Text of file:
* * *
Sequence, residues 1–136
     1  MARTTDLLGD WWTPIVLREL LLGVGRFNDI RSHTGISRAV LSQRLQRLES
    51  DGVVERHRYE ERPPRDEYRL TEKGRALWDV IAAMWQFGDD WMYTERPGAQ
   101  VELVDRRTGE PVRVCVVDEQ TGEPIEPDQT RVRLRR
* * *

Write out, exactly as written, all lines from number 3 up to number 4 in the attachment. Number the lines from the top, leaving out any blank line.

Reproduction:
    51  DGVVERHRYE ERPPRDEYRL TEKGRALWDV IAAMWQFGDD WMYTERPGAQ
   101  VELVDRRTGE PVRVCVVDEQ TGEPIEPDQT RVRLRR